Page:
Accomplishments that we're proud of

  • We're proud of the fact that we took a highly abstract, inaccessible concept, like a Harberger Tax, and were able to distill it into a game that most people would understand, and even recognize if they're already familiar with /r/place.
  • We're proud that although it might seem like the obvious solution, we independently recognized that using ERC721 as the deed per pixel would actually be quite inefficient and the wrong instrument altogether. After designing our own solution, we later corroborated this with some research done by Todd Proebsting.

What we learned

Connor

Solidity, how to watch for emitted events, how to run ganache

Ryan

How to test contract functions efficiently, how to optimize contracts for gas consumption, how to torubleshoot issues as they came up (by getting a deeper familiarity with Ethereum)

Chris

How to use Git from the command line, how to debug solidity with Truffle, that there's such a thing as an experimental ABI encoder

Moving Forward

What's next for Harberger Pixel Map

Features

  • We will add a pixel price heat map so a user can visualize the current cost of all the pixels
  • We will add an improved price setting UX so users can more easily set individual pixels prior to submitting a bulk-pixel transaction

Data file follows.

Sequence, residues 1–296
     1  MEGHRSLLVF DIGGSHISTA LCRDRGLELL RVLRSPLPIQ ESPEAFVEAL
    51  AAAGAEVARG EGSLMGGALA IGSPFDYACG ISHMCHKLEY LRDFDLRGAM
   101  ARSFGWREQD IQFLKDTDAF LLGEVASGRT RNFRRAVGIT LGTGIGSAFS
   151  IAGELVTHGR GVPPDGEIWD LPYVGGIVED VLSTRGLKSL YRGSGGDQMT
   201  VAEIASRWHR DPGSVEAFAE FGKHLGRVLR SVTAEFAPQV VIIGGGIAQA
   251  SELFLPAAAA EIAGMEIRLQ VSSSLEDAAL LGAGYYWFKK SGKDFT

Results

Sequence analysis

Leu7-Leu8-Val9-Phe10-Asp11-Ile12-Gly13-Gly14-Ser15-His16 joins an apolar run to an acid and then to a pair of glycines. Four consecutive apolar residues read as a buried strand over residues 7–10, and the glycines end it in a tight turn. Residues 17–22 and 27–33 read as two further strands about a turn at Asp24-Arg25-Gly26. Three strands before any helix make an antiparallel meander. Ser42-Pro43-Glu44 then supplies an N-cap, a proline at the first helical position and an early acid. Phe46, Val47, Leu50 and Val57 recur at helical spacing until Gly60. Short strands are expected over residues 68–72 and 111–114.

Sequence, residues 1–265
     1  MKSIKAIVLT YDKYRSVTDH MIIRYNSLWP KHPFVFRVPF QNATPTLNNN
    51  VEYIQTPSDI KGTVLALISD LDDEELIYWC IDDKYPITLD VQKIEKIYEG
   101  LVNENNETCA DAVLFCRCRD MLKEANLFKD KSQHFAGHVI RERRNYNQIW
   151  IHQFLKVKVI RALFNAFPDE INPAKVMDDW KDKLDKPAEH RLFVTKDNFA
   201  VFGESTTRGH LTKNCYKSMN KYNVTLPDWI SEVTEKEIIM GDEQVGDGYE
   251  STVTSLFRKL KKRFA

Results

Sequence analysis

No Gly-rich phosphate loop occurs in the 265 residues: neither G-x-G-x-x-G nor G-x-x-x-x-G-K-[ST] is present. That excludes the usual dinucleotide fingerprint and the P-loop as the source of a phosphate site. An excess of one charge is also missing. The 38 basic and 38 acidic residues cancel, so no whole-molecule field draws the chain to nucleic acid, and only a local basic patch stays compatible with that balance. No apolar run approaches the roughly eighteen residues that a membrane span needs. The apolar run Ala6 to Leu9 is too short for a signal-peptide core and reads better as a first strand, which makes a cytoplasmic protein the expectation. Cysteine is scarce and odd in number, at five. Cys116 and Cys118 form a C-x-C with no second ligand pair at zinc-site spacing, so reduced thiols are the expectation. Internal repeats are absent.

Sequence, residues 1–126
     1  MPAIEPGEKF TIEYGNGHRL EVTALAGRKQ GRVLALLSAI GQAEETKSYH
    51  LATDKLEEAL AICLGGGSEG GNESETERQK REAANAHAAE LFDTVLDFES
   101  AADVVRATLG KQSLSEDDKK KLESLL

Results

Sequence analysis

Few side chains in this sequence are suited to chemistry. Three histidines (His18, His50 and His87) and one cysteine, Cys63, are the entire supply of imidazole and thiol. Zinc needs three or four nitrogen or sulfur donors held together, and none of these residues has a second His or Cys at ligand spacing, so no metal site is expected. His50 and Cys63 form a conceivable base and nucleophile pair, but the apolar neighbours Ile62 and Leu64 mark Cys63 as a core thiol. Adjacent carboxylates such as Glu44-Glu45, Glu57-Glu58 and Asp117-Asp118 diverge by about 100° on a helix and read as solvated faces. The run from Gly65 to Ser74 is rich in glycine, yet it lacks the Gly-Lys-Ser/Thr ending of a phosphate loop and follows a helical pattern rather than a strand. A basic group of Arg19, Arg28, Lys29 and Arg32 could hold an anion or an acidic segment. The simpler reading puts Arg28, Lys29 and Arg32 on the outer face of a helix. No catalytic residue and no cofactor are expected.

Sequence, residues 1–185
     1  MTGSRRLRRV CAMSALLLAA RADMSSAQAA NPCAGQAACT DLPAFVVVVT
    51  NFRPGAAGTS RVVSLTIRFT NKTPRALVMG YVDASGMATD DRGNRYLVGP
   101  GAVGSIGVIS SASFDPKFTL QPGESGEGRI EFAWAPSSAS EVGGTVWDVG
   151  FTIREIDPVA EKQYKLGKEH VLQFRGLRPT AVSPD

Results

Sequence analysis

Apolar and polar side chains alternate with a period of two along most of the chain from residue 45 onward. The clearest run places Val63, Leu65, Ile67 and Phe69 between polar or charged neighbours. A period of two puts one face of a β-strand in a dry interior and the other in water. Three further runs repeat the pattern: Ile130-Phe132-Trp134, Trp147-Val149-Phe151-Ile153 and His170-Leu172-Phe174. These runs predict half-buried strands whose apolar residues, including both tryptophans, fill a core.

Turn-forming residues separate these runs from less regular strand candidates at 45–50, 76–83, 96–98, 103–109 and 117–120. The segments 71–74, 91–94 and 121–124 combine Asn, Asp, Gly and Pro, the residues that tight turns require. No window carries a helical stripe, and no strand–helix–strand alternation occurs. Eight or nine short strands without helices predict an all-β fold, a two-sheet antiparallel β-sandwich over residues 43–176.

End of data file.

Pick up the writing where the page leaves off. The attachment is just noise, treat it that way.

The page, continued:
• We will replace the minBid price floor with a reverse dutch auction or DEX

Community

  • We created a Harberger Tax model that is specifically designed for the Pixel Map. However, what we would prefer to do is create a standardized contract interface that any project could use if they wanted to implement a Harberger Tax into their project to support a "Commons" address
  • We designed a exit address for the Harberger Pixel Map that deposits all taxes paid to a "commons" address. For starters, we selected the Ethereum Magicians. However, we will move to build a tokenized bonding curve to decentralize the curation of "The Commons."

From PoC to MVP

It should be noted that in the pursuit of completing a PoC for this weekend our implementation of a Harberger Tax is in some respects currently incomplete. It is designed to simulate many aspects of a Harberger Tax model, such as:

  • User sets the price
  • User makes perpetual payments (pays taxes)
  • Anyone can buy the pixel at any time
  • A new buyer can set the new color
  • If a user fails to pay taxes, their pixel value is reduced to a minimum for anyone to buy
  • Taxes are distributed to a commons

However, to bring this PoC to an MVP, which demonstrates all possible operations within an unbounded Hargerber Tax, we will need to make sure:

  • Users actually "own" their pixel // Currently, they only pay taxes on the right to change the color once
  • Users set a pixel purchase price from which the tax is calculated // Currently, users are just setting their own tax rate, paying it, and skipping the pixel purchase (this functions more like the user is paying rent - at a rate they set - w/o equity)
  • Tax payments are fluid and can be measured down to the day, hour, or even block // Currently: while pixels can be purchased anytime, the tax rates are capped to a fixed time allocation (temporarily set to 1 month)